the process variable is compared
with the desired value (the set
point), and action is taken to develop
a signal to bring the two together.

Process Control
Correcting :
The control device then develops a signal to bring the
process variable and the set point together. From the
controller an electronic signal is sent to a device (E/P) in
the field that computes the correct valve position & send
a pneumatic signal to activate the final control element.
This device is most often a control valve or a variable
speed pump drive. Control valves usually are
pneumatically actuated, often by a 3-15 psi signal & are
supplied with a positioner to provide feedback of valve
position.
In order to warn operator about potential problems , high &
low level alarms are provided , they receive the same

Final Control Element

Electronic to
Pneumatic Converter

Final Control
Element

Control Valve

Process Control Loop


Control Valve Action
The control action that finally takes place in the field is not
describes explicitly in neither PFD nor P & ID. However is a
simple matter to infer that if there is an increase in level of a
vessel , the control valve will open slightly and the flow of
liquid will increase, tending to lower the level in the vessel.
For a decrease in the level of liquid, the valve will close
slightly.

Control Loop Tuning Parameters

The response time of the system depends upon type of


control action used.

P - Proportional or gain how far away the process variable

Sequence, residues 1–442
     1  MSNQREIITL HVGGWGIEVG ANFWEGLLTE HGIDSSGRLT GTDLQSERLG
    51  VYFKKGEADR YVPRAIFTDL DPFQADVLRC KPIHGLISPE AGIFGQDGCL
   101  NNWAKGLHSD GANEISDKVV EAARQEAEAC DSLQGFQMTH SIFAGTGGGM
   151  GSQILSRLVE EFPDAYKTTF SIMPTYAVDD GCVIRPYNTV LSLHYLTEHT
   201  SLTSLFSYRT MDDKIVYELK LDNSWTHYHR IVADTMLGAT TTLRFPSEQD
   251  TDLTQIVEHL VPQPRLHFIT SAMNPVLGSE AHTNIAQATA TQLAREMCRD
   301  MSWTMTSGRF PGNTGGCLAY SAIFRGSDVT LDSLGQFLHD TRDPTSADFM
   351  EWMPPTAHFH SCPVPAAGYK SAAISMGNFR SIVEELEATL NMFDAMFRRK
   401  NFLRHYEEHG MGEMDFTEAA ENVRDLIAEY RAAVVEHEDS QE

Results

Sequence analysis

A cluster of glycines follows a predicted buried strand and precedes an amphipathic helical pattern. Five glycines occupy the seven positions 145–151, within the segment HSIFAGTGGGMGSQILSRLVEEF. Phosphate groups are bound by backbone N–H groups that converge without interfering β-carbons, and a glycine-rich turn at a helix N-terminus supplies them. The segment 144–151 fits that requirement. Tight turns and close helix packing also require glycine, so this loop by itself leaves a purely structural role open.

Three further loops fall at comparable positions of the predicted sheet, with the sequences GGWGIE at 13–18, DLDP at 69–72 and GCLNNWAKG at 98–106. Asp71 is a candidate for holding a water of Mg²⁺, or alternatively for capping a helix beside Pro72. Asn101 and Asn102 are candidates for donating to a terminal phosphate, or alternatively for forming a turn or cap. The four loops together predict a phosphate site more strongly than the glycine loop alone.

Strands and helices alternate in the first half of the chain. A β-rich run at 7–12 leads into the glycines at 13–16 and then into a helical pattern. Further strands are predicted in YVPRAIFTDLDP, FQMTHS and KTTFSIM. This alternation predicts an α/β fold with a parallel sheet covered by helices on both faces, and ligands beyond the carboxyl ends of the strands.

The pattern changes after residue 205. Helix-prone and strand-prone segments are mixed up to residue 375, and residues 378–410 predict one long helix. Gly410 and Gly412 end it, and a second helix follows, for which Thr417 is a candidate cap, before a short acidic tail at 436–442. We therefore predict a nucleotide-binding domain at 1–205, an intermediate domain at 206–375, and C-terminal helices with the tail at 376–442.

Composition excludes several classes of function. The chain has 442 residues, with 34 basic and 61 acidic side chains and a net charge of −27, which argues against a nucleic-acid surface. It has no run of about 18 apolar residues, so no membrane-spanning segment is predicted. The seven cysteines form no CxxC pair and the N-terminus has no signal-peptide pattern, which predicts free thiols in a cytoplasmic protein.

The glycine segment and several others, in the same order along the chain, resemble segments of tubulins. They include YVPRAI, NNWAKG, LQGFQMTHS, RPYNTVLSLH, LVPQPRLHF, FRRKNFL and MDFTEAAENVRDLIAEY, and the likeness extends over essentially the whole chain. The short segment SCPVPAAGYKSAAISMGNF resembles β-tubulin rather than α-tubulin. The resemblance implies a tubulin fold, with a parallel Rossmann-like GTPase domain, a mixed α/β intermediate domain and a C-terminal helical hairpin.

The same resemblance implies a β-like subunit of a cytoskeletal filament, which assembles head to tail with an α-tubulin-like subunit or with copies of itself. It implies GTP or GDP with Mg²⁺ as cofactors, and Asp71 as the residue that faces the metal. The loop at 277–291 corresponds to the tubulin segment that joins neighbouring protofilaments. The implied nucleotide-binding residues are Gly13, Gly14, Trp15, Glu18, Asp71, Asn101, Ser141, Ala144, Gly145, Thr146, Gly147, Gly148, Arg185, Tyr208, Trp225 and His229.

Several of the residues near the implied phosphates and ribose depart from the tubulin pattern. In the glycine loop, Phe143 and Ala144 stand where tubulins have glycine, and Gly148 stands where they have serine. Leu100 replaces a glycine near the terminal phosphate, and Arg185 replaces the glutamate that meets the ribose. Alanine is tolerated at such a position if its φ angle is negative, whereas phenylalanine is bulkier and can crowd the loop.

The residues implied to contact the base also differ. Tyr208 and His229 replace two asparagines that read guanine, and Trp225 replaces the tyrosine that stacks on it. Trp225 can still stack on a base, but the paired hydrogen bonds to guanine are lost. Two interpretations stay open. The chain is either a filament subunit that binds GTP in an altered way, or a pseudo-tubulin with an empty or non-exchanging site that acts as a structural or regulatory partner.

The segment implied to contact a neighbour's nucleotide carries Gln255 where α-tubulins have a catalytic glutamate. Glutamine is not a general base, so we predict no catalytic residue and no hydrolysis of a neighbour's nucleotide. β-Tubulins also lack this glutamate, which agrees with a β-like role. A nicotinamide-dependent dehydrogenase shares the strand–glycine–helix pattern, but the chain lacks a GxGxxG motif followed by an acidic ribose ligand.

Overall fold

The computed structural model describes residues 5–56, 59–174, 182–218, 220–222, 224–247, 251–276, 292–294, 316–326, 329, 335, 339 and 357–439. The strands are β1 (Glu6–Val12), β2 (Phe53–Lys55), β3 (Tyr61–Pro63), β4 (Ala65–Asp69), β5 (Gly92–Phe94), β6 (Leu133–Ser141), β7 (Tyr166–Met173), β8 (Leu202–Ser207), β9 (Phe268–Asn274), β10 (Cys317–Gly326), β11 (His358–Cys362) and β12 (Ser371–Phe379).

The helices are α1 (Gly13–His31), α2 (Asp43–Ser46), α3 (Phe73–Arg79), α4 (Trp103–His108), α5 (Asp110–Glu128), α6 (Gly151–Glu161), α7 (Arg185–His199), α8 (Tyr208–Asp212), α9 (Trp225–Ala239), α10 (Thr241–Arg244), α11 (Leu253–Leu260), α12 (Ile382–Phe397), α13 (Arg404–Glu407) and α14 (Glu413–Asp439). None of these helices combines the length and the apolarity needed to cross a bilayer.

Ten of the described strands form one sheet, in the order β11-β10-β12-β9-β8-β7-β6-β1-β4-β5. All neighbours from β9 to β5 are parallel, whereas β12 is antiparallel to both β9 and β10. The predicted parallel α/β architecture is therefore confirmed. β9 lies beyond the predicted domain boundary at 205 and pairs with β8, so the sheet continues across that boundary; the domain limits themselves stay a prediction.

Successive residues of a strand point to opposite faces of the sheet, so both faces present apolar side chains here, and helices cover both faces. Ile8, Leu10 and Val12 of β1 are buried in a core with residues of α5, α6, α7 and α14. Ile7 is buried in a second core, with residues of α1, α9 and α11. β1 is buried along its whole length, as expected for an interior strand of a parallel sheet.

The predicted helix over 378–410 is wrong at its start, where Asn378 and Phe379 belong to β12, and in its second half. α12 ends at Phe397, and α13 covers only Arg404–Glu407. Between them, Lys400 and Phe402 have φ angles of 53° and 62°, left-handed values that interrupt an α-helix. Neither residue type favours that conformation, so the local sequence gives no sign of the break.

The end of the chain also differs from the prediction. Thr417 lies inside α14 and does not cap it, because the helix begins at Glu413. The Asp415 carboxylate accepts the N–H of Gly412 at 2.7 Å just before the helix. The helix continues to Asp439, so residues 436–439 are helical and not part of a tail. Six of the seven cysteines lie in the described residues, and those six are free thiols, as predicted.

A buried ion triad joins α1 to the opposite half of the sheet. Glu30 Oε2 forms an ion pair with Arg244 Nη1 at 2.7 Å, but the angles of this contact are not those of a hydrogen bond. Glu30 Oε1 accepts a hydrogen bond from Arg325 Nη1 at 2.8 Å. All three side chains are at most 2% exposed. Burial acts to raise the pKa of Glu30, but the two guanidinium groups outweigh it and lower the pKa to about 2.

is from the set point
I - Integral or reset how long the process variable has been
away from the set point
D - Derivative or rate how fast the process variable is
changing

Process Control Loop


Control valves may fail in various positions open, closed,
locked. The position of a failed valve can have a significant
impact on associated equipment, and, therefore, it is of interest
to operations personnel. The fail positions may be identified
on the P&ID using letters below the valve symbol: FO for Fail
Open; FC for Fail Closed; FL for Fail Last or Locked.

Pressure Loop

Level Loop

Flow Loop

P & ID Symbology & Abbreviation

Valve type
VS
VD
VR
VB
VDR
VF
VM
VP

Gate Valve
Globe, Needle or Angle Valve
Plug Valve
Ball or 3-way Plug Valve
Check Valve
Butterfly Valve
Diaphragm Valve
Piston Valve

P & ID Symbology & Abbreviation

Three-way Valve

PLUG

BUTTERFLY
CHECK VALVE

Four-way Valve

P & ID Symbology & Abbreviation

Welded Valve

Flanged Valve

P & ID Symbology & Abbreviation

Diaphragm operated

M
Motor Operated

With Manual Hand wheel

M
Solenoid Operated
Piston Operated

Line
Symbols

Line symbols are used to define the ways information


is transferred between the field devices and the
central control location. The symbols describe how
signals are transmitted between devices.

Instrument Connection to Process


Pneumatic Signal
Electric Signal
Hydraulic Signal
Capillary Tube
Electromagnetic Signal
Software Data Link
Mechanical Link

Line Symbols
Hot Insulated Line
Cold Insulated Line
Jacketed Line
Capillary Tube
Electrical Transmission
Pneumatic Transmission
Process piping for Instrument
Insulated Line with external tracer

P & ID Symbology & Abbreviation

P & ID Symbology & Abbreviation

Piping Specification & Decoding

R-101

8-41-P28-99A-T

It provides information about,


Material of construction
Design temperature & pressure
Line size & thickness
Valves & gaskets compatibility
Used for any branching (off-take)